Symptoms indicating imminent myocardial infarction Symptoms indicating imminent myocardial infarction

Symptoms indicating imminent myocardial infarction

Symptoms indicating imminent myocardial infarction

Dr. Anastasia Fomichova, a cardiovascular disease specialist, revealed the symptoms that indicate an approaching heart attack.

In an interview with Gazeta.Ru, the doctor indicated that myocardial infarction is necrosis in an area of ​​the heart muscle due to insufficient oxygen reaching it, which requires providing medical assistance to the injured person. Therefore, it is necessary to recognize the early symptoms of an approaching heart attack, to seek help in a timely manner.

She says: “Myocardial infarction occurs in most cases, due to sudden blood clotting, blockage of the coronary artery and insufficient blood supply, which leads to tissue damage. These changes can be reversible through percutaneous surgical intervention within 60-90 minutes.” "From a seizure. Therefore, it is very important to seek medical help in a timely manner."

According to statistics, myocardial infarction occurs more often in men (about 5 times) than in women, especially in young and middle-aged people. Before myocardial infarction, typical and atypical symptoms can be felt. Typical symptoms include: severe chest pain, shortness of breath, tachycardia, palpitations, low blood pressure, bradycardia. The atypical symptoms of myocardial infarction are: severe weakness. Sweating. Nausea and vomiting, stomach pain, choking and coughing, loss of consciousness, anxiety and fear of death.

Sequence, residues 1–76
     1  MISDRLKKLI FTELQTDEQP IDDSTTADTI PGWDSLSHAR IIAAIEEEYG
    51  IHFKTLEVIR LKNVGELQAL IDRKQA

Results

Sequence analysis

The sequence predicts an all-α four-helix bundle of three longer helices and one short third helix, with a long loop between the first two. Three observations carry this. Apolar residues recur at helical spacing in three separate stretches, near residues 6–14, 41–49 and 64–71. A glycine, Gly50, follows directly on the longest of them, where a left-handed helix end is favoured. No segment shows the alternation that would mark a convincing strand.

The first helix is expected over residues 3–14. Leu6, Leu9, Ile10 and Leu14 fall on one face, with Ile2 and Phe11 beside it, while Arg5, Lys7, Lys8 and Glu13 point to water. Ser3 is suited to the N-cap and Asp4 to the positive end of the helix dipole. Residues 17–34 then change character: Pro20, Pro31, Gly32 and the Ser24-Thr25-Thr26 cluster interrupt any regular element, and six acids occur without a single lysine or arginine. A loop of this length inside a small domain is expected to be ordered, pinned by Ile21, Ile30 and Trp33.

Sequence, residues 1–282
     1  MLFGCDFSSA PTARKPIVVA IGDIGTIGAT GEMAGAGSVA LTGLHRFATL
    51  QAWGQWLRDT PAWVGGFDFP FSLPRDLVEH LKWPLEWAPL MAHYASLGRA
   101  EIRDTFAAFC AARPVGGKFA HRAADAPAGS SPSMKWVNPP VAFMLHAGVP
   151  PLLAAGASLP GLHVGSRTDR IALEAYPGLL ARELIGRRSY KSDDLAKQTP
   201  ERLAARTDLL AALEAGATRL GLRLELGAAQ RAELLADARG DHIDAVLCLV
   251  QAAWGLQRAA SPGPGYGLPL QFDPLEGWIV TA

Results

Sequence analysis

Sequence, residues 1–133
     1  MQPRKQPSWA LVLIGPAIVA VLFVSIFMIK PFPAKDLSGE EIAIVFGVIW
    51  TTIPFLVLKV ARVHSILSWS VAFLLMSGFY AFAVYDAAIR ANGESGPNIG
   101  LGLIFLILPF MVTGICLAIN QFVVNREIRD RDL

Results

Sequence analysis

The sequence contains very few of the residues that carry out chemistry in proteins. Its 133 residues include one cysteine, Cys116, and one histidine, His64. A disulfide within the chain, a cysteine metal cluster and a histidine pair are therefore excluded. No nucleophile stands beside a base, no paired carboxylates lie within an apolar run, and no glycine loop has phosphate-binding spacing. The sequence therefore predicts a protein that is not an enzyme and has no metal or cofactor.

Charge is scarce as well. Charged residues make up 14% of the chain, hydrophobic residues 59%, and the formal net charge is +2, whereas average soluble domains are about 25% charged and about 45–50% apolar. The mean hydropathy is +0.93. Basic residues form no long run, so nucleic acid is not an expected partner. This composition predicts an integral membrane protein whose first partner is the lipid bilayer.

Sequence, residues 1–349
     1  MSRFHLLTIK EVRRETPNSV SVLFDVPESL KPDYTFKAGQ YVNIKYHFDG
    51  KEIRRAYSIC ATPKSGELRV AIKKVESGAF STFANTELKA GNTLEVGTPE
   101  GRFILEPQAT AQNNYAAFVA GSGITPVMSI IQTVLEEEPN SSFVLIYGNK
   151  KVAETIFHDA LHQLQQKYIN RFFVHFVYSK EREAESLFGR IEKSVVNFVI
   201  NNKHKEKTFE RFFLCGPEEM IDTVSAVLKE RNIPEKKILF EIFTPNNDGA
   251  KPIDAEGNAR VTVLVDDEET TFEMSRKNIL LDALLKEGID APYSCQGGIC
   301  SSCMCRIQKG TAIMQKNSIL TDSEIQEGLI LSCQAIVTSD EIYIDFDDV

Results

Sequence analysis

The sufferer can describe his pain during the acute period of a heart attack, as follows - the presence of an iron collar with a heavy plate lying on the chest, a fire in the chest, the feeling of boiling water being poured on his chest, the pain of a knife stab.

She says: “These sensations can spread to the neck, lower jaw, left arm, under the left shoulder blade, and in the upper abdomen, and do not go away with rest and after taking nitroglycerin. The symptoms can be periodic, lasting for 20 minutes. They may last for several minutes.” hours".